Sixteen-year-old Prince Jared has barely ascended to the throne of Archenfield when his cousin Axel lays plans to usurp him. With the threat of war from neighbouring Paddenburg, Jared badly needs to make alliances, both at home and abroad. But will Jared or Axel secure the most support - and which of their "friends" can they trust?
To know your mother was raped multiple times and obliged to suffer unspeakable humiliation to survive the Holocaust is bad enough. To hear her tell the story chapter and verse and then relive her painful experiences while assembling them into a book must be excruciating.
Virginia Baily's second novel, Early One Morning, packs the emotional punch of Irène Némirovsky's Suite Française - or so her publishers would have you believe. They exaggerate; Baily is a competent writer with an eye for pretty details and an ear for the pain and regret that can echo in the most banal of exchanges.
Conversion is an emotive subject in Judaism, and rarely have I seen the complexity of joining our community better articulated than in Alison Pick's new memoir. Pick, a successful novelist here and in her native Canada, grew up without Judaism in her life and without any real hunger for it - or indeed for any organised religion.
His SS Nazi Party identification card, dated 1936, shows a sombre-looking young man with short-cropped hair and round-rimmed spectacles. His rather protruding ears add to the air of 1930s dorkiness. Just another quasi-intellectual Nazi bureaucrat, you might think.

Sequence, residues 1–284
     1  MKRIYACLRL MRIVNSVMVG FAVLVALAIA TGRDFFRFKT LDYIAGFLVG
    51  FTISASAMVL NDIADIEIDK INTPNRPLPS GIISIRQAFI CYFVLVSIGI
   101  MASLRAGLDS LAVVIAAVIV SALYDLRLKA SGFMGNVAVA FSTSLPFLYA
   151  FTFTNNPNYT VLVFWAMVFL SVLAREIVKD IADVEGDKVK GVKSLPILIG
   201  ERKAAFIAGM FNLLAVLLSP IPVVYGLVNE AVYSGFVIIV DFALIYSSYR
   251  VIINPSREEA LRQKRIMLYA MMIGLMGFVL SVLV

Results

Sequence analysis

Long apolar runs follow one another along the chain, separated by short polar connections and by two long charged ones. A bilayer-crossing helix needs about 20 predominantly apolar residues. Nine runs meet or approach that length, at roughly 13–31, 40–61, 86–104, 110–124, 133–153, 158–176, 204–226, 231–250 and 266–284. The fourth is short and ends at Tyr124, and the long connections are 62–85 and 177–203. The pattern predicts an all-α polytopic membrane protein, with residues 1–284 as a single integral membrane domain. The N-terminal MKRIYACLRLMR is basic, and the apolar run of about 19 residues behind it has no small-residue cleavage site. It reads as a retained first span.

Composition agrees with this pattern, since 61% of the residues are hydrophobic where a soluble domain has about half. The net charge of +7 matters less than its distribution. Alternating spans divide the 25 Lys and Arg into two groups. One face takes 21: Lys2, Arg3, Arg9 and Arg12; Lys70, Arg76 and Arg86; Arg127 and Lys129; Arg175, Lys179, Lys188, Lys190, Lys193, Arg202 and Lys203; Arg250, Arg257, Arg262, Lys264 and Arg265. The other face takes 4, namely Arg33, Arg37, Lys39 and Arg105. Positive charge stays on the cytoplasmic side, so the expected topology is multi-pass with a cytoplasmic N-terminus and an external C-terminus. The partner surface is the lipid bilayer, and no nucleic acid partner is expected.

'We lived in a nice house with a garden in a Berlin suburb. We had friends and a dog (though I really wanted a cat) and seaside holidays and a very pleasant, normal life. My parents didn't read to me. We were a very literate household but I think the idea of bedtime stories was purely an English one in those days; this was the 1920s and 1930s!
Now that best-selling thriller writer "Sam Bourne" has been "outed", the owner of that pen name - Guardian executive editor and JC columnist Jonathan Freedland - is no longer wrapping himself in mystery.
Making sense of the world's myriad conflicts is difficult at the best of times. Without a map, and an explanation of geography, it is almost impossible. Words can tell you what is happening, the map helps you to understand why it is happening.
Leonard Michaels was born in New York in 1933 and spent his last decade in Tuscany. He spoke Yiddish until he was six and a good deal of Italian before he died. In the half-century between, he wrote in English and taught literature at the University of California at Berkeley. Some claim him as one of the masters of style of his period.